When the Target data breach hit during the holiday shopping rush in December, 2013, security experts and other observers declared 2013 the worst year for breaches ever. Neiman Marcus, eBay, and Michaels Stores were hit the following year. Again, the predictors of doom called 2014 the worst year ever. However, 2015 has already toppled past record according to statistics from the Privacy Rights Clearinghouse (PRC). In fact, this year has already topped all previous records decisively.
PRC has been tracking breaches since 2005. In the majority of those breaches, the number of records compromised is listed as ‘unknown.’ That means that breached organizations either could not provide a numbers count or decided to keep those details private. Even with those missing figures, 2015 has seen more than double the number of records compromised.
In 2012, PRC documented 680 breaches impacting nearly 28 million individual records. By 2014, that number had jumped to nearly 68 million individuals at while the number of breaches dropped to 297. By the end of August 2015, the group documented just 92 breaches but 121,221,707 individual files compromised with months still left on the calendar.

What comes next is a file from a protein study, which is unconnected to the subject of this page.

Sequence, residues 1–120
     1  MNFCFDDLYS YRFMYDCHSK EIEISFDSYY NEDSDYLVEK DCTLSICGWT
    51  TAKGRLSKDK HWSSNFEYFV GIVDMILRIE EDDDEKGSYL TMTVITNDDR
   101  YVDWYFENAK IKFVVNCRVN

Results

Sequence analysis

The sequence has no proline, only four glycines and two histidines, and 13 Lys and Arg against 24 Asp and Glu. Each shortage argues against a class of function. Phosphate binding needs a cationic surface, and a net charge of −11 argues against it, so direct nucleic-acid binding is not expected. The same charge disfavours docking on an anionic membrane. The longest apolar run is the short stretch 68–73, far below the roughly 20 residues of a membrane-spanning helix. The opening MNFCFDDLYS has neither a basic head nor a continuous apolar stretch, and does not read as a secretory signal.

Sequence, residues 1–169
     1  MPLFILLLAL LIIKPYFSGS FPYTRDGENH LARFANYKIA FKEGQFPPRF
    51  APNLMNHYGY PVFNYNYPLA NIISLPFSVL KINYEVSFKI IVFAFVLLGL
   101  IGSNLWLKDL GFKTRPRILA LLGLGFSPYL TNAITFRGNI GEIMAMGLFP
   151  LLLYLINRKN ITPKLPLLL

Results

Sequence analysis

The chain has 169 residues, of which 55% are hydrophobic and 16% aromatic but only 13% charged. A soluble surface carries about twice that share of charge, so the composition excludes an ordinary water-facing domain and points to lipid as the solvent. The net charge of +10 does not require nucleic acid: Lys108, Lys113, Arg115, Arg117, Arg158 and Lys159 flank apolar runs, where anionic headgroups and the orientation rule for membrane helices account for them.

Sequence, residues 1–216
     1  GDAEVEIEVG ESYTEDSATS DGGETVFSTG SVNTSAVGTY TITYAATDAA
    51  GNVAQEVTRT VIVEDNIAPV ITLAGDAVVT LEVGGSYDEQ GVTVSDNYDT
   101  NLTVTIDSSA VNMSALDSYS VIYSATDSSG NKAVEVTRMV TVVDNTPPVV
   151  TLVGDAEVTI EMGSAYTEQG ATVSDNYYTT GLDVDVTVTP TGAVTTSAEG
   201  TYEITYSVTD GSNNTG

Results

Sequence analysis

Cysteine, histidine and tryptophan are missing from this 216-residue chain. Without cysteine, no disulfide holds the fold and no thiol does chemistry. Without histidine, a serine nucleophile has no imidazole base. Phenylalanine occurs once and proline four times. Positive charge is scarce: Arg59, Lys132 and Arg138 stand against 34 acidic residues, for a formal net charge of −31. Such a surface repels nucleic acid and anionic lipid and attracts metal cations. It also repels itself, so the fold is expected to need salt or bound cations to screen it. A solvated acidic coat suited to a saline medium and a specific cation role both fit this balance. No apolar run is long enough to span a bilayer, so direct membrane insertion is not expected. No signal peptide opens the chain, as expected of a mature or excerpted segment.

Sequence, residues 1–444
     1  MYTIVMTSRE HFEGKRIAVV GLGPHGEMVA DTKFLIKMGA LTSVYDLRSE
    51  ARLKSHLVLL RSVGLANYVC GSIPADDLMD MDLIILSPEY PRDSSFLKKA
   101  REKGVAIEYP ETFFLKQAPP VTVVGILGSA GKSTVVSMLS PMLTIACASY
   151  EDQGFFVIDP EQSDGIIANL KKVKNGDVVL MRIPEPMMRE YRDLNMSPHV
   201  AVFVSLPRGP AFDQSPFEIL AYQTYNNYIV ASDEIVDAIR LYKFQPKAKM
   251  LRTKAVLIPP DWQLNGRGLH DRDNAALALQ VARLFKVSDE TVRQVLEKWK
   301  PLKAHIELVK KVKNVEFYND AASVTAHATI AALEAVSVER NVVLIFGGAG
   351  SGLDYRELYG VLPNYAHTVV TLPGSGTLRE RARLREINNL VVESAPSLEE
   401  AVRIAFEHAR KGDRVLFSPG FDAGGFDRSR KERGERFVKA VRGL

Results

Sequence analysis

A handful of massive breaches are linked to this year’s surge in problems:
- Anthem Blue Cross/Blue Shield reported 80 million files hacked
- Ashley Madison added 37 million to the total
- The Office of Personnel Management (OPM) added another 21.5 million
- Premera Blue Cross’ breach hit 11 million
- UCLA Health contributed 4.5 million to the total
More alarming is the fact that these massive breaches all included far more data than credit card numbers. Anthem, OPM and UCLA Health resulted in compromised Social Security Numbers for over 100 million individuals. In many of the health-related breaches, there was also a loss of medical insurance data that could lead to medical identity theft. The Ashley Madison breach involved sensitive information of a different sort about would-be cheaters. With all this data compromised, the odds of major identity theft or other unpleasant consequences are high for millions and millions of individuals.
Since 2005, PRC has documented a total of 857,702,257 records breached from 4,594 breach incidents. But there’s even more to the story – the uncounted number of breaches that never hit the news.
“If a breached entity has failed to notify its customers or a government agency of a breach, then it is unlikely that the breach will be reported anywhere,” PRC points out.
If you are aware of a breach that is not included in the PRC list, let us know. You can also share your findings with PRC at privacyrights.org.
If you know about an unreported data breach, we want to hear from you. Contact email@example.com.